West High School was a sea of green Thursday.
Students held an early morning memorial for 17-year-old Alyssa Lopez, a cheerleader at West who was known by practically everyone in the school. Lopez was killed in a three-car collision in Ogden this week while driving home with friends from a high school basketball game.
Green was Lopez's favorite color. Thursday morning, students wore green shirts, hung green balloons on the fence surrounding the football field, posted a large sign made by the cheerleading squad saying, "Love Always RIP Alyssa," and placed plastic cups in the chain-link fence to spell "Alyssa" in several spots. The marquee in front of the school was changed to say, "We'll miss you Alyssa."
"It's not easy. It seems unreal," said Lopez's friend and fellow cheerleader Taura Escandon. "I keep waiting for her to call me. I just can't believe it still."
Cheerleaders wore their uniforms to school to honor Lopez. Other students wore green shirts. Some had shirts made with Alyssa's picture on the back. A video showing pictures of Lopez was scheduled to be shown on the school's in-house television to all students at noon.
"There's an overwhelming spirit of unity and outpouring of love," West student body president Lindsey Brinton said. "(In the hallways) people will see someone crying and put an arm around them."
Lopez was killed Tuesday when the car she was riding in was hit in the 5100 block of Ogden's Harrison Boulevard. She and some friends from West and Granger High schools were driving home from a basketball game. Lopez was in a car with two other friends from West, Isaiah Christy and Donald "Dylan" Raso.
Christy was treated for a broken rib and released from the hospital, according to Escandon. Raso remained at McKay-Dee Hospital Thursday, reportedly in serious but non-life-threatening condition, Escandon said.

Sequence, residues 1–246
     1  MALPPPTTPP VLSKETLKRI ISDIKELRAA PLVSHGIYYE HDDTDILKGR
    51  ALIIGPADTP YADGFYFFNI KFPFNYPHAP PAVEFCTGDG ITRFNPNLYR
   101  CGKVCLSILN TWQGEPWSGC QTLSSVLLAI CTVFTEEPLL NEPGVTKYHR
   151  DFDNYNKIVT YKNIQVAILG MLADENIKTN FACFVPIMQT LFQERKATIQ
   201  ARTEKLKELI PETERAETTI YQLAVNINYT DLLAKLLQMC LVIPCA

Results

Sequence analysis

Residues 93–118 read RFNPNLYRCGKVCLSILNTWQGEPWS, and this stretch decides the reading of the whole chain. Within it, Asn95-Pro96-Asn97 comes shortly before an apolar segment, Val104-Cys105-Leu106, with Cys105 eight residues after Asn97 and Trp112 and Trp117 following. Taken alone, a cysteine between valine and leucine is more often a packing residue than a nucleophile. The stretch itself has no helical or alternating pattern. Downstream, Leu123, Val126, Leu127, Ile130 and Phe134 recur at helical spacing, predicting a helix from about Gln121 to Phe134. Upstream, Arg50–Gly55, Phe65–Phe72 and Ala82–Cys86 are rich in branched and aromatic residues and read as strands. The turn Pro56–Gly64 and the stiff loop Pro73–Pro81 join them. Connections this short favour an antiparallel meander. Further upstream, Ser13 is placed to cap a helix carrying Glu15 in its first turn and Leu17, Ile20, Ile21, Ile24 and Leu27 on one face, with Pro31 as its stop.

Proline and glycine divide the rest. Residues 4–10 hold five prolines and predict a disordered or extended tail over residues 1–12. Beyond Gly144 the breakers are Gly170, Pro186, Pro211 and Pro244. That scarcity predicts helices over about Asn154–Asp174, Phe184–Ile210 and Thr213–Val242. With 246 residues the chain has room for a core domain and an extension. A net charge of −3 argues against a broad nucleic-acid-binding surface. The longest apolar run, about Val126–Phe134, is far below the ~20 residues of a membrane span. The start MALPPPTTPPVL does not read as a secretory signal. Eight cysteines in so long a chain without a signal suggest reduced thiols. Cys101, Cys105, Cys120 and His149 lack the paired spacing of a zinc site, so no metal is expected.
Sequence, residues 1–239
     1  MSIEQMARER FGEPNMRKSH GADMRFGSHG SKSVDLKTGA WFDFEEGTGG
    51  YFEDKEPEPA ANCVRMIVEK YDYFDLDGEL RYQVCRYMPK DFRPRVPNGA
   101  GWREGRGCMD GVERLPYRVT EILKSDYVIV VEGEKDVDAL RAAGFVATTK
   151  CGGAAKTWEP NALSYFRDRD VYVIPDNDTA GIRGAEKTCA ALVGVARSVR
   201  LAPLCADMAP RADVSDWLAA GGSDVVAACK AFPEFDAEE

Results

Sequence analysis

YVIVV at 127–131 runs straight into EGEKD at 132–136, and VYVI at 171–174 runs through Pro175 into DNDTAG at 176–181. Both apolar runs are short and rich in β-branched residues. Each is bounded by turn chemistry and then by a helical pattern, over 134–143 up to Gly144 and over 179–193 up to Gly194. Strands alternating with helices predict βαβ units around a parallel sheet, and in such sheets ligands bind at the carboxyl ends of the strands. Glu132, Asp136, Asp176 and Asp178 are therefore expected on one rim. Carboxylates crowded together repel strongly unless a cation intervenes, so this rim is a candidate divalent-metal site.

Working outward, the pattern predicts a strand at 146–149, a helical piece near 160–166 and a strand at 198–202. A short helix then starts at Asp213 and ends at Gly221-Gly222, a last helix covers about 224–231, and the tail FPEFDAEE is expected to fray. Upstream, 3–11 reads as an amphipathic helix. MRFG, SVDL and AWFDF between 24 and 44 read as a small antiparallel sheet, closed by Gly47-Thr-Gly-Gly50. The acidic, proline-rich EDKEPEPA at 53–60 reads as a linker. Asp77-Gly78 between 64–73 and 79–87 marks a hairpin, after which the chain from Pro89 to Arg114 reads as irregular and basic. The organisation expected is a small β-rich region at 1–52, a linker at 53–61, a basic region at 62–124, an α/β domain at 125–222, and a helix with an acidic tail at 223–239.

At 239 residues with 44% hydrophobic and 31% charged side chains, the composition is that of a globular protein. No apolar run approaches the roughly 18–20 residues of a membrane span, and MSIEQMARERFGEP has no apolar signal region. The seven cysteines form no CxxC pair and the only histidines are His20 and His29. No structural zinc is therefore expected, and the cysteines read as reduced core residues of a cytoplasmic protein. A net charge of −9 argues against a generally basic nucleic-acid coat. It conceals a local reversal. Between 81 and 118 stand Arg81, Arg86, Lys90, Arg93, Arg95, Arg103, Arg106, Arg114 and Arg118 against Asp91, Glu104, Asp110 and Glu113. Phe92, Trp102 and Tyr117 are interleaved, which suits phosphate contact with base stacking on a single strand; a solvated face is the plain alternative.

Another vehicle was trying to catch up to the car Lopez was in, speeding and weaving in and out of traffic, according to what witnesses told police. The other vehicle clipped Lopez's car, sending it into a spin and pushing it into oncoming traffic, where Lopez's car was T-boned by a third vehicle.
Contrary to earlier reports, Escandon said none of the boys who were in the car that police said caused the accident were Lopez's boyfriend. Everyone in the vehicles knew each other. But Escandon said the boys in Lopez's car were her close friends, and the ones in the other vehicle were people she had met only recently.
Ogden police were continuing their investigation to determine what, if any, charges should be filed. Ogden Police Lt. Mike Ashment said investigators were reconstructing the accident.
"They're still waiting for toxicology information from the lab," he said Thursday. "They're still in the process of doing the investigation. They've got some witnesses to interview."
It will likely be next week before the investigation is complete and any decisions could be made on citations or criminal charges in connection with the crash, he said.
Escandon, who did not go to school Wednesday after hearing what had happened to her friend, returned Thursday."It feels like something's missing," she said, fighting back tears. "We'd go and just sit in each other's room and do nothing but talk. We were going to go to Dixie (College) together, study law and get rich together. We're going to miss her a lot. I don't want people to forget about her."